MAYVILLE, N.D. – Traill County – halfway between Fargo and Grand Forks – is experiencing growing pains.
A recent housing study indicates more than 200 new housing units are needed in the next five years to keep up with population and household growth in Mayville, Hillsboro and other smaller communities.
“It kind of confirms what we thought. So I can’t say we were real surprised, but we are excited about it,” said Melissa Beach, executive director of the Traill County Economic Development Commission.
The county’s population, estimated at 8,289 this year, is expected to grow by 2.4 percent during the next 15 years, reaching 8,343 by 2020, 8,409 by 2025 and 8,489 by 2030.
A total of 216 new housing units, including 140 owner-occupied and 76 rental housing units, are needed by 2020.
That’s good news, she said, because new housing construction had slowed in recent years.
Hillsboro had two housing developments that filled quickly before the nation’s economic recession about half-dozen years ago. However, Mayville’s Riverwood Addition, a 50-lot subdivision that borders the Goose River, remained less than half full until construction of new homes resumed recently.
The growth may be most dramatic in Hatton, where the population is projected to grow by 4.9 percent, from an estimated 789 today to 828 by 2030. That’s followed by projected growth of 4 percent for Hillsboro, the county seat, which is located along Interstate 29 about halfway between Grand Forks and Fargo, and 3.7 percent in Mayville, home of Mayville State University.
The study, conducted by Hanna:Keeland Associates, a community planning and research firm based in Lincoln, Neb., outlined a five-year action plan that includes new construction, housing rehabilitation and potential demolition of older, substandard housing. The study also addresses the demand for housing for an aging population.
“The most critical housing issues in Traill County are to promote the development of housing for the local workforce and young professionals, affordable to all salary income levels and at a pace that will equal the demand of a consistently growing region,” the study said.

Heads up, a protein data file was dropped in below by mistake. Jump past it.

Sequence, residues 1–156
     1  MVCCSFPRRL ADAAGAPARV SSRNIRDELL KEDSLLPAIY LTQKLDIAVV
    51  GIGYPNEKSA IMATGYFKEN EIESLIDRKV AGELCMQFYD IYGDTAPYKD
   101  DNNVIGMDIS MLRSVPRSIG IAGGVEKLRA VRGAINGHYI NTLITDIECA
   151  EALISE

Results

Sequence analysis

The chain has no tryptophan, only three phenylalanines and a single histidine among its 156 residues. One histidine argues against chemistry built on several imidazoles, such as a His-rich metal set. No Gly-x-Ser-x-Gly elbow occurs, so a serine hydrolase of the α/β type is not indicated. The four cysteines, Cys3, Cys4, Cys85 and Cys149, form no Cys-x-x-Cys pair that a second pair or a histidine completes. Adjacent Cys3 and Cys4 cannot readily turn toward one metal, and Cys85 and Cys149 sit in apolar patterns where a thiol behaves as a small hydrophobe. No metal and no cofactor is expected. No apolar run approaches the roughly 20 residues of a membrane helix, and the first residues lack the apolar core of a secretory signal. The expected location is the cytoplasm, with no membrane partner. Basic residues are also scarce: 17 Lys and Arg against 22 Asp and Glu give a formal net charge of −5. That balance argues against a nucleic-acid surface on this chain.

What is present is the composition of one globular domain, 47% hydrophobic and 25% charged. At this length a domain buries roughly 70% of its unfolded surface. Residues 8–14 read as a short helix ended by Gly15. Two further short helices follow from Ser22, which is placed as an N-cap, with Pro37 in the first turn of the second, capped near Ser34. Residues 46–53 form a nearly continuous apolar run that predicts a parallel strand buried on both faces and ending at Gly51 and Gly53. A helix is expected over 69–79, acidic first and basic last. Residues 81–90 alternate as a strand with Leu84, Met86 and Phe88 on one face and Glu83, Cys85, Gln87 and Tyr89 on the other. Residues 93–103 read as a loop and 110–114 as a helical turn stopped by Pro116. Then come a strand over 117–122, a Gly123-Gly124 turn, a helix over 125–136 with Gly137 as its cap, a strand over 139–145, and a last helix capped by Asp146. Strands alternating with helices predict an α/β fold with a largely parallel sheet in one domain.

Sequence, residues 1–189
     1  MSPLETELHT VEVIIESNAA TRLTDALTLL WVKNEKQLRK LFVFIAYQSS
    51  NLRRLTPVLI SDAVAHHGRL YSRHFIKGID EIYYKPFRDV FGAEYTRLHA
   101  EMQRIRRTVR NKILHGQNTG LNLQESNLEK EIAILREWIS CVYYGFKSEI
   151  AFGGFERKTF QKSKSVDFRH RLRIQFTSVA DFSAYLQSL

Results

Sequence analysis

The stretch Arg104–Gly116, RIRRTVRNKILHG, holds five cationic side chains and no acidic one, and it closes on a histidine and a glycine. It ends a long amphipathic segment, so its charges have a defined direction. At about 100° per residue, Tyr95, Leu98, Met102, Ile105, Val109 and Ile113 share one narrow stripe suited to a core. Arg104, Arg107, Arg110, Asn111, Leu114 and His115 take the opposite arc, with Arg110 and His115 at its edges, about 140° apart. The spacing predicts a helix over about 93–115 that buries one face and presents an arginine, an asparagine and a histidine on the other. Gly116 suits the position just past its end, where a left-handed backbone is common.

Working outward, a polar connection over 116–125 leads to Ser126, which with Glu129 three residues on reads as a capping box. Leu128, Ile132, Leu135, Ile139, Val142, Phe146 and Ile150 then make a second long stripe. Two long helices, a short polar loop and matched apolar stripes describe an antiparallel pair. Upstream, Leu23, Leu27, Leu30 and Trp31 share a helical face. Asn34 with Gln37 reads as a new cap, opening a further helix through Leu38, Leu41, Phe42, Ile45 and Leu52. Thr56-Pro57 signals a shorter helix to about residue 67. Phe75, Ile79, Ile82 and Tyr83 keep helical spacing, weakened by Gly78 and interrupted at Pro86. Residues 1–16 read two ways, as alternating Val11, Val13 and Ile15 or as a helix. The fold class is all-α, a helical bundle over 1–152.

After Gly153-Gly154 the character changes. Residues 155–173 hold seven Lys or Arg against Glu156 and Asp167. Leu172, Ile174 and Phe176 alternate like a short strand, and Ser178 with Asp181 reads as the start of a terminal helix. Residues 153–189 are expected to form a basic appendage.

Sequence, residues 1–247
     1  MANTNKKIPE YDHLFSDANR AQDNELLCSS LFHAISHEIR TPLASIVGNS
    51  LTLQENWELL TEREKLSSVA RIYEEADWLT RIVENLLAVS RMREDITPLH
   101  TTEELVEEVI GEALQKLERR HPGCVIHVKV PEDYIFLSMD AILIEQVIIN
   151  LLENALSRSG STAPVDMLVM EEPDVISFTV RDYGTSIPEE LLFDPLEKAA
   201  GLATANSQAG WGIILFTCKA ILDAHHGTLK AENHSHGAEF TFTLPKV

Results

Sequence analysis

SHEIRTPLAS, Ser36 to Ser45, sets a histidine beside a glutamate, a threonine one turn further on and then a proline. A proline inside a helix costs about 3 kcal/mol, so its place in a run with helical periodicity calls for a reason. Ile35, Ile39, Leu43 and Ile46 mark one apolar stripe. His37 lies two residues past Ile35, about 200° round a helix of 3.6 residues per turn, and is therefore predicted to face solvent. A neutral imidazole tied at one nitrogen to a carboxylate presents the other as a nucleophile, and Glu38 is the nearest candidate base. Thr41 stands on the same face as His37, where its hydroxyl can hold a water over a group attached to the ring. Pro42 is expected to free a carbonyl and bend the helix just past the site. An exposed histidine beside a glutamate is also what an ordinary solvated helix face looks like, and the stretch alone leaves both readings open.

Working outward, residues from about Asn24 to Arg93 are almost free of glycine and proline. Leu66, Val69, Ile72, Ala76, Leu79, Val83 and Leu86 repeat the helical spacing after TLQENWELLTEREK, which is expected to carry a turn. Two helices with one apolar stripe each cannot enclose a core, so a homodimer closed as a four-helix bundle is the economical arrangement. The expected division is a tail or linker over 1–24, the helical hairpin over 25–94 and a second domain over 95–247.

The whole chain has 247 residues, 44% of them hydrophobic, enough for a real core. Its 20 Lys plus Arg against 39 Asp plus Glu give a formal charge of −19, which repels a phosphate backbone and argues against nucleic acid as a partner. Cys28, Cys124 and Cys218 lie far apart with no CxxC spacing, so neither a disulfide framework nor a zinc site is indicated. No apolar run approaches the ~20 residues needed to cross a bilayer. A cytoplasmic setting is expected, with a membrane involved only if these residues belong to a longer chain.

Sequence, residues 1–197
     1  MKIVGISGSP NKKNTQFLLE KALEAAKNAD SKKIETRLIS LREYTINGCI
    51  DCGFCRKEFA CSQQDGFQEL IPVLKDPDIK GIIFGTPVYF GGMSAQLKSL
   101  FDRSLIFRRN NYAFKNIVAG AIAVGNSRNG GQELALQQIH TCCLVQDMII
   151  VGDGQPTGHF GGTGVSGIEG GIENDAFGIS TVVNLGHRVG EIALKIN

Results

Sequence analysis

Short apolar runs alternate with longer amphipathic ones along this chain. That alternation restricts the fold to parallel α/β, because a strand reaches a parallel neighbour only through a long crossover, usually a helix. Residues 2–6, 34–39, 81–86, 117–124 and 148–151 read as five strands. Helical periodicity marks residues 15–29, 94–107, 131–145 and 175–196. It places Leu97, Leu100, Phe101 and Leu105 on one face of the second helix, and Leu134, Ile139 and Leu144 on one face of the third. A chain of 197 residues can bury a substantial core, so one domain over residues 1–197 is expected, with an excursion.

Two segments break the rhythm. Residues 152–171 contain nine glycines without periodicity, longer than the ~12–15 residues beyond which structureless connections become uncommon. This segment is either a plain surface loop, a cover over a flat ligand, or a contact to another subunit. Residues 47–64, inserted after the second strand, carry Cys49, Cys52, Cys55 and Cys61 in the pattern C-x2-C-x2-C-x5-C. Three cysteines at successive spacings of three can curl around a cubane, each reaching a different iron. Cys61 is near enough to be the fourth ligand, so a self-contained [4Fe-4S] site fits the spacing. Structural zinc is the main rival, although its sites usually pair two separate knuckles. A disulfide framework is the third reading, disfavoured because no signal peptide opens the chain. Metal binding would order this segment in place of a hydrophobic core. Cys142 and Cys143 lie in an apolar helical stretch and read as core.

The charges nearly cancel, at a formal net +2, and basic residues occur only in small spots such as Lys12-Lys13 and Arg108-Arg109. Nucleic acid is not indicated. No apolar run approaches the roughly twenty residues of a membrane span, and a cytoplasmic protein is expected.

The county economic development commission already had anecdotal evidence of pent-up demand for new housing, especially in Mayville and Hillsboro, the county’s two largest cities.
“Rental units is something we need to focus on to get new people to move here,” she said. “We’re seeing an influx of people, professionals, like attorneys and teachers, who are living in homes that are too small or not up to their standards. People are commuting from Fargo and Grand Forks,” to Mayville and Hillsboro, she said.
She said property owners seldom have a need to advertise their vacant apartments.
The study, which indicated a need for multi-unit housing complexes, such as apartment buildings and townhomes in Mayville and Hillsboro, already has sparked interest among developers.
Beach said it’s possible that at least one apartment complex could be under construction in Hillsboro this year.
The economic development commission is beginning to draft a financing package, which likely will include state and local incentives, to offer to potential developers.
“In North Dakota, the incentives are there,” she said. “We just have to find out what will work best.”
Community needs survey
Here is sample of findings in a housing study, conducted by Hanna:Keelan Associates, a community planning and research firm based in Lincoln, Neb. By community, the anticipated housing demand and population projections are as follows:
– Mayville: 66 units, including 24 owner-occupied and 42 rental units, some of which should be for students at Mayville State University. The population, currently estimated at 1,905, should grow to 1,940 by 2020, 1,963 by 2025, and 1,989 by 2030.
– Hillsboro: 36 units, including 20 owner-occupied and 16 rental units. New housing should include single-family homes, duplex/triplex units, townhouses and general rental apartments. The population, currently 1,615, could be 1,630 by 2020, 1,650 by 2025 and 1,679 by 2030.
– Hatton: 18 units, including 12 owner-occupied and six rentals. Population, currently an estimated 789, should grow to 799 by 2020, 813 by 2025, and 828 by 2030.
– Portland: 18 units, including 10 owner-occupied and eight rentals. Population, currently 607, should be 608 by 2020, 610 by 2025 and 613 by 2030.
– Buxton: 12 units, including eight owner-occupied and four rentals. Population, currently 323, is likely to decrease slowly, to 319 in 2020, 317 by 2025, and 313 by 2030.
– Galesburg: two units, both owner-occupied. Population, currently an estimated 107, is projected to be 106 in 2020 and 104 by 2030.
– Clifford: Two units, both owner-occupied. Population is projected to decrease from 44 today to 42 by 2030.
– Rest of county, including south Reynolds: 62 units, all owner-occupied. Population is expected to grow by 1.2 percent by 2030, from 2,886 to 2,921. (Reynolds is divided by the Grand Forks-Traill County line).